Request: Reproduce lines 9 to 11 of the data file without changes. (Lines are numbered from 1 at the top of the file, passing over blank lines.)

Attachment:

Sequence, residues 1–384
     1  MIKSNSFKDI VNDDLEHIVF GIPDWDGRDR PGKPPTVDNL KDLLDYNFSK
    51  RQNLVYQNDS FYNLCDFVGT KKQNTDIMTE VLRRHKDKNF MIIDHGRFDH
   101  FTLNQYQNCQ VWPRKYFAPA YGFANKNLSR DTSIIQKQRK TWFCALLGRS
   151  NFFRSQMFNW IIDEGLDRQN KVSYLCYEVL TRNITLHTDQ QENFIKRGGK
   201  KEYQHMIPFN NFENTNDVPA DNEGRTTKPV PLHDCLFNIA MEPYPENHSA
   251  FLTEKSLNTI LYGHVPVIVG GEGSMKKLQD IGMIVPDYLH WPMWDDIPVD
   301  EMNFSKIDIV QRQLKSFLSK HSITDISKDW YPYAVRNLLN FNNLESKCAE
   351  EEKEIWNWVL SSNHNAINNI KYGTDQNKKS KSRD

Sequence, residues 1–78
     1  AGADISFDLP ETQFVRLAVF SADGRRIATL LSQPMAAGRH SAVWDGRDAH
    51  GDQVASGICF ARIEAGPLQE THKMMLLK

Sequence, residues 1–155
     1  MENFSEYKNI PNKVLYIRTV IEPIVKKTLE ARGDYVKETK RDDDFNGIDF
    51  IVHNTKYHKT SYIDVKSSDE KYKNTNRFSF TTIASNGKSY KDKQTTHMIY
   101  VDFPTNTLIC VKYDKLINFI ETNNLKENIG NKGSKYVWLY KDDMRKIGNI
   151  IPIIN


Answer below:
   351  EEKEIWNWVL SSNHNAINNI KYGTDQNKKS KSRD

Sequence, residues 1–78
     1  AGADISFDLP ETQFVRLAVF SADGRRIATL LSQPMAAGRH SAVWDGRDAH